How Old Should Kids Be Before They are Baptized?

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Just this month, my oldest daughter (who is 8) went to an event where an altar call was given and afterwards said she wanted to give her life to Jesus. Just a week later, our second oldest (who is 5) told us that she wanted to ask Jesus to come into her heart.

Should I baptize them?

As funny as this may sound, what makes this question difficult is their Christian upbringing. Their whole lives they have been taught that there is a God, that He loves them, that we sin, but that in His love God sent Jesus to die on the cross to wipe our sins away, and whoever believes this has eternal life. We pray regularly that God would strengthen us to live like Jesus for His glory. They go to a Christian school where these things are taught and their grandparents on both sides are Christians.

Wouldn’t it be shocking if they didn’t express a desire to follow Jesus?

But how do we know that their professions flow from a new, regenerated heart and not a desire to please the ones they love? When can we even know the difference? Is there a particular age?

While I have not come to conclusive answers, here is how I am sure we should proceed.

1. Rejoice that your children think this way

Even if we have questions, we should be overjoyed that they do want to follow Jesus. These are the kinds of things for which we pray. We have aspired to shape our children’s understanding of the world according to God’s Word and in these early deliberations of their precious young minds, they are agreeing and expressing desire to live joyfully within it. This is glorious!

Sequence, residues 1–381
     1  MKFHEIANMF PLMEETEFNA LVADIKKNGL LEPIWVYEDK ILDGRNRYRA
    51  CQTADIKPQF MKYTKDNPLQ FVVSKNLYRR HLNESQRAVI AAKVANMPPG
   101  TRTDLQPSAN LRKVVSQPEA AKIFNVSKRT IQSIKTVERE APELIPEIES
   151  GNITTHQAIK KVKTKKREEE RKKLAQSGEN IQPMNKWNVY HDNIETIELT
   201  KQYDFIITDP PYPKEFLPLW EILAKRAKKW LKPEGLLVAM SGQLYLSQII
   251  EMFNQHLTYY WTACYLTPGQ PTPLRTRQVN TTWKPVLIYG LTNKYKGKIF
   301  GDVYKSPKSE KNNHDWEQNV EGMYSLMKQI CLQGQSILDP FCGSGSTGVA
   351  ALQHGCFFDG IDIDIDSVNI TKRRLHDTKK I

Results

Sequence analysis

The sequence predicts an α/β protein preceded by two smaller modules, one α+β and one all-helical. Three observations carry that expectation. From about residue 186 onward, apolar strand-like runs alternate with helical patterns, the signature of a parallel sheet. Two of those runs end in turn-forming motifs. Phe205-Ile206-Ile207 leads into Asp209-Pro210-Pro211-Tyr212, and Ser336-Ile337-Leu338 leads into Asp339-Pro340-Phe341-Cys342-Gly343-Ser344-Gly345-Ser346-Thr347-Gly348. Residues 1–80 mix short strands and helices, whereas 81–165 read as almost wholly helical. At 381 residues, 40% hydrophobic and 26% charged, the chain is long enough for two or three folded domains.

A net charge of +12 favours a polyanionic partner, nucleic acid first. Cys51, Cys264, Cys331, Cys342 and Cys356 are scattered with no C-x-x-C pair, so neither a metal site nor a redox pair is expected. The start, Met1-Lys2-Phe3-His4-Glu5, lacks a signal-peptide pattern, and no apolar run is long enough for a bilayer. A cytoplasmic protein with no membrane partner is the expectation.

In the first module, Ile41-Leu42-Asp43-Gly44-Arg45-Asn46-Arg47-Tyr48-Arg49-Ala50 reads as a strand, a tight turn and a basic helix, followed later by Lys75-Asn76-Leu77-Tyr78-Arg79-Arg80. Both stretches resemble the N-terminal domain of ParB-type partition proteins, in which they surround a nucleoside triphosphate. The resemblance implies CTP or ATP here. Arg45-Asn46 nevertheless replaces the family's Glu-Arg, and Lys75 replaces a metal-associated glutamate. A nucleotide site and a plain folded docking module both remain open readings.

We shouldn’t regard their faith as immature and incomplete. Are children are not theological test subjects. When my first daughter called me “Daddy” for the first time, she didn’t know what “Daddy” meant. She just knew that my face went with that name. And I rejoiced. We should feel the same way when our children express any desire for God to be their Father, regardless the level of their understanding.

2. Ask good open-ended questions

The questions we ask should be open-ended and not “Yes/No.” Our children want to please us, they are eager to affirm what they think we want them to affirm. They will likely answer “Yes” to any question they sense we want them to accept.

But how are they understanding these things in their own hearts, in their own words? How deep is their understanding of sin? What exactly was Jesus doing when He died on the cross? What does it mean that Jesus is resurrected? What do these things have to do with you when you are made fun of at school? When you are arguing with your sister? This means you, mom and dad, need to understand these things too!

Our children don’t have to be able to teach a systematic theology class, but they should be able to express some kind of understanding in these areas on their own, in their own words.

3. Observe their behavior

Do you perceive gospel actions in your children? I don’t mean that they are nice or good at sharing. Do they put other people in front of themselves? Why they are acting this way? Is it because that’s what good little children do or are they basing their action on a desire to please God and be like Jesus? When our children consistently make hard decisions, centered on biblical morality and service to others, and they do so not because it pleases mommy and daddy or proves they are good but because they want to honor God, it is a revealing sign that they are born again.

Conclusion

In short, we should be encouraged and keep looking. We must probe our children’s hearts. If they consistently understand the gospel in their own terms and they demonstrate a life that is sacrificial and selfless based on a desire to obey God and live like Jesus, we can have growing confidence that they have been born again and, when the time is right, see them baptized. May God do it for us all!

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